How do you find the derivative of f(x)= cos (sin (4x))?

Dec 19, 2017

$\frac{\mathrm{dy}}{\mathrm{dx}} = - 4 \cos \left(4 x\right) \sin \left(\sin \left(4 x\right)\right)$

Explanation:

$\text{differentiate using the "color(blue)"chain rule}$

$\text{given "y=f(g(h(x)))" then }$

dy/dx=f'(g(h(x))xxg'(h(x))xxh'(x)

$y = \cos \left(\sin \left(4 x\right)\right)$

$\frac{\mathrm{dy}}{\mathrm{dx}} = \sin \left(\sin \left(4 x\right)\right) \times \frac{d}{\mathrm{dx}} \left(\sin \left(4 x\right)\right) \times \frac{d}{\mathrm{dx}} \left(4 x\right)$

$\textcolor{w h i t e}{\frac{\mathrm{dy}}{\mathrm{dx}}} = \sin \left(\sin \left(4 x\right)\right) \times - \cos \left(4 x\right) \times 4$

$\textcolor{w h i t e}{\frac{\mathrm{dy}}{\mathrm{dx}}} = - 4 \cos \left(4 x\right) \sin \left(\sin \left(4 x\right)\right)$

Dec 19, 2017

Rewrite $f \left(x\right)$ as a composition of $3$ functions, where we will use the chain rule to find the derivative of each function in a way that lets us find the final derivative:

$\frac{\mathrm{df}}{\mathrm{dx}} = - 4 \sin \left(\sin \left(4 x\right)\right) \cos \left(4 x\right)$

Explanation:

I'd break up the function composition into several parts. Here we have $\cos \left(\sin \left(4 x\right)\right)$, which does three things:

1. It multiplies the input by $4$,
2. It takes the sine value of the result from the above,
3. It takes the cosine value of the result from the above.

If we have $f \left(x\right) = \cos \left(\sin \left(4 x\right)\right)$, we could have

$f \left(x\right) = {f}_{3} \left({f}_{2} \left({f}_{1} \left(x\right)\right)\right)$ where

${f}_{1} \left(x\right) = 4 x$

${f}_{2} \left(x\right) = \sin \left(x\right)$

${f}_{3} \left(x\right) = \cos \left(x\right)$

Which should be doing each step from the inside, out. Then we can use the chain rule, which to me is more of a method than a rule. Here's how it goes:

Start from the innermost layer, taking the derivative of ${f}_{1} \left(x\right)$ with respect to $x$.

$\frac{{\mathrm{df}}_{1}}{\mathrm{dx}} = \frac{d}{\mathrm{dx}} {f}_{1} \left(x\right) = \frac{d}{\mathrm{dx}} 4 x = 4$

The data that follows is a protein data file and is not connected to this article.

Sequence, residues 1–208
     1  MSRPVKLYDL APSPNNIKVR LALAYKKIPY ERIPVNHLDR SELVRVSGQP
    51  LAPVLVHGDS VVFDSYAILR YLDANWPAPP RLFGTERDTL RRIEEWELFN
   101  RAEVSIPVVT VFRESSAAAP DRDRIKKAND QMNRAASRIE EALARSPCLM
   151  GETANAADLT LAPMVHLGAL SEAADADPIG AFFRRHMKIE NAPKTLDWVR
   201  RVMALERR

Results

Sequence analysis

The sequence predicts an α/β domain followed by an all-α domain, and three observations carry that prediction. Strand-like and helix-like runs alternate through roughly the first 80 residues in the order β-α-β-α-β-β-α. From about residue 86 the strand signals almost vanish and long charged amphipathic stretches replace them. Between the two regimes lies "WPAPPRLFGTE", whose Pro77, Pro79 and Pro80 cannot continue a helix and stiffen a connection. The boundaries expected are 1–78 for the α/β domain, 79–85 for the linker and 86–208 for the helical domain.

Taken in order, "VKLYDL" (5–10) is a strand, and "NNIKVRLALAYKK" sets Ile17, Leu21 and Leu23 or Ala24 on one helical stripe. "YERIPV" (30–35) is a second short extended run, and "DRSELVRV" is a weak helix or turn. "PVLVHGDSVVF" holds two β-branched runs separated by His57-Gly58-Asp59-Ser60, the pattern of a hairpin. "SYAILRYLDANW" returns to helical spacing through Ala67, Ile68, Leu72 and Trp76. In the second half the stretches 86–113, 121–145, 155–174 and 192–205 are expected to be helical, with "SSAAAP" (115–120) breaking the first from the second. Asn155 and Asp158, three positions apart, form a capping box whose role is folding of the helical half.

We also have:

$\frac{{\mathrm{df}}_{1}}{\mathrm{dx}} = 4 \rightarrow {\mathrm{df}}_{1} = 4 \mathrm{dx}$

What we did was solve for ${\mathrm{df}}_{1}$, a tiny nudge in ${f}_{1}$, in terms of $\mathrm{dx}$, a tiny nudge in $x$. Next, we'll take the derivative of ${f}_{2} \left(x\right)$, but in terms of ${f}_{1} \left(x\right)$:

$\frac{{\mathrm{df}}_{2}}{{\mathrm{df}}_{1}} = \frac{d}{{\mathrm{df}}_{1}} {f}_{2} \left({f}_{1}\right) = \frac{d}{{\mathrm{df}}_{1}} \sin \left({f}_{1}\right) = \cos \left({f}_{1}\right)$

Solving for a tiny nudge in ${\mathrm{df}}_{2}$, we "multiply" by ${\mathrm{df}}_{1}$:

$\frac{{\mathrm{df}}_{2}}{{\mathrm{df}}_{1}} = \cos \left({f}_{1}\right) \rightarrow {\mathrm{df}}_{2} = \cos \left({f}_{1}\right) {\mathrm{df}}_{1}$

Then, we evaluate ${f}_{1}$ and ${\mathrm{df}}_{1}$ in terms of $x$ and $\mathrm{dx}$:

$\cos \left({f}_{1}\right) {\mathrm{df}}_{1} = \cos \left(4 x\right) 4 \mathrm{dx} = 4 \cos \left(4 x\right) \mathrm{dx}$

Now, the tiny nudge is no longer in terms of ${\mathrm{df}}_{1}$, but it is now in terms of $\mathrm{dx}$:

${\mathrm{df}}_{2} = 4 \cos \left(4 x\right) \mathrm{dx} \rightarrow \frac{{\mathrm{df}}_{2}}{\mathrm{dx}} = 4 \cos \left(4 x\right)$

And so is the derivative! What we have left to do is ${f}_{3} \left(x\right)$, whose tiny nudge we'll first find in terms of ${\mathrm{df}}_{2}$:

$\frac{{\mathrm{df}}_{3}}{{\mathrm{df}}_{2}} = \frac{d}{{\mathrm{df}}_{2}} {f}_{3} \left({f}_{2}\right) = \frac{d}{{\mathrm{df}}_{2}} \cos \left({f}_{2}\right) = - \sin \left({f}_{2}\right)$

$\frac{{\mathrm{df}}_{3}}{{\mathrm{df}}_{2}} = - \sin \left({f}_{2}\right) \rightarrow {\mathrm{df}}_{3} = - \sin \left({f}_{2}\right) {\mathrm{df}}_{2}$

Then we'll "unroll" things, first evaluating ${f}_{2}$ in terms of ${f}_{1}$ and ${\mathrm{df}}_{2}$ in terms of $\mathrm{dx}$:

${\mathrm{df}}_{3} = - \sin \left({f}_{2}\right) {\mathrm{df}}_{2} \rightarrow - \sin \left(\sin \left({f}_{1}\right)\right) 4 \cos \left(4 x\right) \mathrm{dx}$

Then evaluating ${f}_{1}$ in terms of $x$:

$\rightarrow {\mathrm{df}}_{3} = - \sin \left(\sin \left(4 x\right)\right) 4 \cos \left(4 x\right) \mathrm{dx}$

Simplifying to make things look neater:

${\mathrm{df}}_{3} = - 4 \sin \left(\sin \left(4 x\right)\right) \cos \left(4 x\right) \mathrm{dx}$

And finally "divide" by $\mathrm{dx}$:

$\frac{{\mathrm{df}}_{3}}{\mathrm{dx}} = - 4 \sin \left(\sin \left(4 x\right)\right) \cos \left(4 x\right)$

This is not only the derivative of ${f}_{3} \left(x\right)$, but because we had solved this through the derivatives of ${f}_{2} \left(x\right)$ and ${f}_{1} \left(x\right)$ from the inside out, this is our final answer, the derivative of $f \left(x\right) = \cos \left(\sin \left(4 x\right)\right)$:

$\frac{\mathrm{df}}{\mathrm{dx}} = - 4 \sin \left(\sin \left(4 x\right)\right) \cos \left(4 x\right)$